cd cover Bulawayo Jazz and Colonial Dance Bands comprise some 50 tracks that Tracey recorded between 1950 and 1952, before liberation movements transfered power from Europeans to Africans. The music comes to us highly mediated, by Tracey's taste (lucky for us he had good ears), technological and commercial constraints, and most importantly, by the lack of power, both political and discursive, that Africans experienced under the brutality of European rule. The name of one of bands featured on Bulawayo Jazz says everything about the environment in which the recordings were made: De Dark Brownies.

Alright, you say, we get it; these two albums are overdetermined as cultural artifacts, the performances compromised and even distorted by colonial relations of production. But do they nonetheless command our attention? Most definitely. Some selections are ragged and forgettable, but more often we hear talented musicians playing with soul, inventiveness and joie de vivre.

Although some of Tracey's recordings were released commercially by the South African Gallo Records, most of his invaluable collection never reached an international market, having been accessible mainly to scholars. This changed in 1998, when the drummer and producer Michael Baird, with Tracey's son Andrew, launched the Historical Recordings by Hugh Tracey series on the Sharp Wood Productions label. Bulawayo Jazz and Colonial Dance Bands are the last two albums in the series, and both include tracks that have never been released before.

Listen
Some of the colonial dance bands were professional, playing in hotels to Europeans; others were amateur outfits that copied what they heard on the radio and performed their versions for mostly African audiences. The typical lineup was tenor sax in the lead, along with trumpet or clarinet, strummed banjo or guitar, stand-up bass or tuba standing in for the bass, drums, and assorted percussive noisemakers like rattles and struck bottles. The bands' repertoires included rumbas, tangos, fox-trots, and songs in the taarab style, a homegrown idiom that blended Swahili and Arabic influences as well as Indian and Egyptian film music. Taarab numbers like "Baadina" by the Egyptian Social Club and the four tracks by the Mombasa-based Jauharah Orchestra provide some of the album's most appealing moments.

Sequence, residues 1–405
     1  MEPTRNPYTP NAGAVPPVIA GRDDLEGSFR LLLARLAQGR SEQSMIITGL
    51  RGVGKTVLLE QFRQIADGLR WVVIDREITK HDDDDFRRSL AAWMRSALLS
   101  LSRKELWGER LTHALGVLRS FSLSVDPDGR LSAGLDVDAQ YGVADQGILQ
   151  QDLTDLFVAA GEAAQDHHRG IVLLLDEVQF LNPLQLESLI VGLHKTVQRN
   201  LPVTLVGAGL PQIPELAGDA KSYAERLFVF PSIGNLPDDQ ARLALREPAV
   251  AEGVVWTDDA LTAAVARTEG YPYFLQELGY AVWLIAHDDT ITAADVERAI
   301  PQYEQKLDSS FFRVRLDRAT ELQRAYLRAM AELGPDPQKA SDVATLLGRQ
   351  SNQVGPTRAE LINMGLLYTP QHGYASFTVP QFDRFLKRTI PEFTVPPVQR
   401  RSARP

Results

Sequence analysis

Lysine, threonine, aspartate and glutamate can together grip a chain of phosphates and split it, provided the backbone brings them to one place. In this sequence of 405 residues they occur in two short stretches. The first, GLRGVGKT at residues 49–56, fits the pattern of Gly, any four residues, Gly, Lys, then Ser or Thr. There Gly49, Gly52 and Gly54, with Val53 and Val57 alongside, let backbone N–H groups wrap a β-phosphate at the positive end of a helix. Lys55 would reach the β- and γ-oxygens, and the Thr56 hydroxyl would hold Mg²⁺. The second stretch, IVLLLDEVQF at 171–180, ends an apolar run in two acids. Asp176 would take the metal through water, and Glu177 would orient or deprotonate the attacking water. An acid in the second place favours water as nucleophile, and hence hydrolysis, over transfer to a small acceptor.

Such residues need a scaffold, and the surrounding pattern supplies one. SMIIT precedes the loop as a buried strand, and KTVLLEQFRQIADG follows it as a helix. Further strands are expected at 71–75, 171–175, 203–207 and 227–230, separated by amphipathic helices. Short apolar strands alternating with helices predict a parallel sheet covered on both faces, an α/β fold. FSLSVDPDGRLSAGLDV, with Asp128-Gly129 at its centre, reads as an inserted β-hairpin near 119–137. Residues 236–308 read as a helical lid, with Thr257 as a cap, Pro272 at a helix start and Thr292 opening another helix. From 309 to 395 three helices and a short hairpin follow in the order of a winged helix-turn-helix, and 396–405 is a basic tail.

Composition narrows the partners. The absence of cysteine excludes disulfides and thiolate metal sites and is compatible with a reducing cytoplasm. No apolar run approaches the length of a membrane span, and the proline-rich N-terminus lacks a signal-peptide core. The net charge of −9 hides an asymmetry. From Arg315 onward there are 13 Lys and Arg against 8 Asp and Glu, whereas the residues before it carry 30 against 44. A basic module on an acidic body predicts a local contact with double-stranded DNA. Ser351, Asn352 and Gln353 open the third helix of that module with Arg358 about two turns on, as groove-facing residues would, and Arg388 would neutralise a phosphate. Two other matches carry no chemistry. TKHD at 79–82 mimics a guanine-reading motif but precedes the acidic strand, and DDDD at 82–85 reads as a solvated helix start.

Bulawayo Jazz (the style) sprung up in the city of the same name, a business center of southern Rhodesia. As Michael Baird observes in his thorough liner notes, until the 1960s Bulawayo's was the only jazz style other than the gypsy swing of the Hot Club de France to emerge outside the United States.

The Bulawayo sound centered on the alto sax playing lead, usually as part of a front line that included tenor sax and trumpet. Strummed banjos and acoustic guitars, double bass or tubas and trombones playing the bass parts, and occasionally pianos and violins, made up the rest of the ensembles. Jazz aficionados may hear echoes of early New Orleans and Kansas City styles in some of the tracks. But the raw material is African folk music or original compositions based on traditional sources, not the blues and Tin Pan Alley pop tunes that fed early American jazz. This is distinctly African jazz, as fans of later artists like the South African saxophonist Dudu Pukwana will immediately recognize.

It also is jazz without much improvisation, with most tracks clocking in at less than three minutes. This was for commercial reasons, as Baird acknowledges: "These tracks were musically 'censored' so to speak, clean-cut with a minimum of improvisation" so that they could be released as singles by Gallo Records, whose owner subsidized Tracey's field trips.